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Franchise tag roundup: With designations set, how might each player's negotiation unfold?

There’s one thing that’s for sure: Washington QB Kirk Cousins is going to make quite a bit of money.

Kansas City avoided franchise-tag drama when the Chiefs reached a long-term deal with Eric Berry this week. New England appears to be walking the tightrope with Dont’a Hightower after the Pats opted not to use the tag on their star linebacker. They have a week to get a deal done with Hightower before he becomes a free agent.

Outside of those two, the franchise tag deadline came and went with few surprises. The big names that got tagged had been telegraphed for weeks, if not months.

Teams have until July 15 to work out a long-term deal with these tagged players. Without a deal, the tag price is locked in and guaranteed for 2017. Here’s how things could shake out for the seven NFL players who were tagged this week.

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Washington QB Kirk Cousins

Mike Jones at the Washington Post expertly explained how Washington screwed up the Cousins’ deal even before he was slapped with the exclusive franchise tag. Now Cousins has all the leverage here, and he would gladly play next season at $24 million. The 28-year-old QB, who has been to one Pro Bowl and one postseason as a starter, will have made about $44 million in guaranteed money in 2016 and ’17.

Washington is so dysfunctional now that it’s impossible to predict if it will reach a long-term deal with Cousins before the deadline, tag and trade him or just let him play next season as one of the highest-paid players in NFL history.

Pittsburgh RB Le’Veon Bell

Having the best offensive trio in football is starting to get expensive for the Steelers. In 2017, Ben Roethlisberger will count $18.2 million against the cap, Antonio Brown will count $13.6 million against the cap (after becoming the highest-paid receiver in NFL history) and now Bell is guaranteed $12.4 million next season if he plays under the franchise tag.

But having Adrian Peterson’s $18 million figure off the books since the Vikings didn’t pick up his option doesn’t help Bell. Neither do the running back’s suspensions and injury history. A long-term deal with Bell might be complicated, and if it’s figured out, it will likely go down to the wire.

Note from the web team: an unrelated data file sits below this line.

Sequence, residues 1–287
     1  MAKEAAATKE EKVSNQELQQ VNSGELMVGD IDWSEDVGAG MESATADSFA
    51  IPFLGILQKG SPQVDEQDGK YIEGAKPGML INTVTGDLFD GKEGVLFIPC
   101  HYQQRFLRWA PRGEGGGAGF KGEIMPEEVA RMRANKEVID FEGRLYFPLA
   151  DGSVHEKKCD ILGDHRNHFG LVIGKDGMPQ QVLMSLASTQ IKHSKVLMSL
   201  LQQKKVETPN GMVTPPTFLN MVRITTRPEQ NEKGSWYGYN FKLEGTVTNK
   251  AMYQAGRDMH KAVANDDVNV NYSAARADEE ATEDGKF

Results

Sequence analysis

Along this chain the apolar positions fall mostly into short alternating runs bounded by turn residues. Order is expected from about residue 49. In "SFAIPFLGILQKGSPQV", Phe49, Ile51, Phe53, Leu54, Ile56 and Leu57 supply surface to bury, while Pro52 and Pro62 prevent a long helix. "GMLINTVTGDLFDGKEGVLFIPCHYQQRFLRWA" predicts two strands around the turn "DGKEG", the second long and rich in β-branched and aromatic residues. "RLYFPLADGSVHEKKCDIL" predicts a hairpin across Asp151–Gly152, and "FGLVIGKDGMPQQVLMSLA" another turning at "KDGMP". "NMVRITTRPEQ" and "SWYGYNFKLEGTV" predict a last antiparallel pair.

Carolina DT Kawann Short

You could see this tag coming from a mile away. Last year, Fletcher Cox and Malik Jackson whipped the market for defensive tackles into a frenzy, and the Panthers and Short couldn’t agree on a long-term deal. But Panthers GM Dave Gettleman doesn’t negotiate contracts during the season, so here we are.

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There’s little threat of a holdout from Short, so he’ll play under the tag in 2017 if he has to. But there’s a lot of work to be done before the deadline if he’s going to get a long-term deal between $17-19 million per year.

Arizona OLB Chandler Jones

With 11 sacks in his one season in Arizona, Jones proved he’s worth the money. Now a long-term deal is in the best interest of both parties.

Ideally the Cardinals could keep both Jones and Calais Campbell if Jones gets his deal worked out by March 9, but how likely is that? The Cardinals would also be wise to re-sign safety Tony Jefferson, and Bruce Arians intimated they’d be interested in finding a young quarterback to groom behind Carson Palmer. If the Cardinals are sure Jones’ past off-field issues are behind him, the faster they can get a long-term deal together, the better.

New York Giants DE Jason Pierre-Paul

Two years ago the money was on the table for JPP. Then he blew off a few of the digits on his right hand and has been on one-year deals since. But after proving he can still sack the quarterback with fewer than 10 fingers, he’s tagged again.

This designation was surprising since the Giants have invested so much in Olivier Vernon and have a budding (read: cheap) end in Romeo Okwara. It’d be in the Giants’ best interest to lower Pierre-Paul’s nearly $17 million cap number for 2017 to something more manageable in a long-term deal which would give them more flexibility in the off-season.

Los Angeles Chargers LB Melvin Ingram

The Chargers have a new city, a new coach in Anthony Lynn, a new defensive coordinator in Gus Bradley and a scheme change from 3–4 to 4–3. And after a rough season last year, there’s hope with this Chargers team, especially with many key players returning from injury in 2017.

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Ingram had eight sacks and four forced fumbles last year, and he’s strung together two excellent seasons in consecutive years. But there may be some uncertainty about his role, and Ingram may want to roll the dice in 2017 and bet on himself.

Los Angeles Rams CB Trumaine Johnson

For a second straight year the Rams tagged Johnson, but this time they should find some common ground before July 15.

Los Angeles doesn’t have much on their backend after losing Janoris Jenkins last offseason, and Johnson struggled at times being The Guy in 2016. According to Pro Football Focus, Johnson has only allowed 10 touchdowns in his five-year career with a 72.6 quarterback rating when being targeted. Those are stout numbers, but it’s doubtful that he’s worth what amounts to $31 million in guaranteed money over two seasons.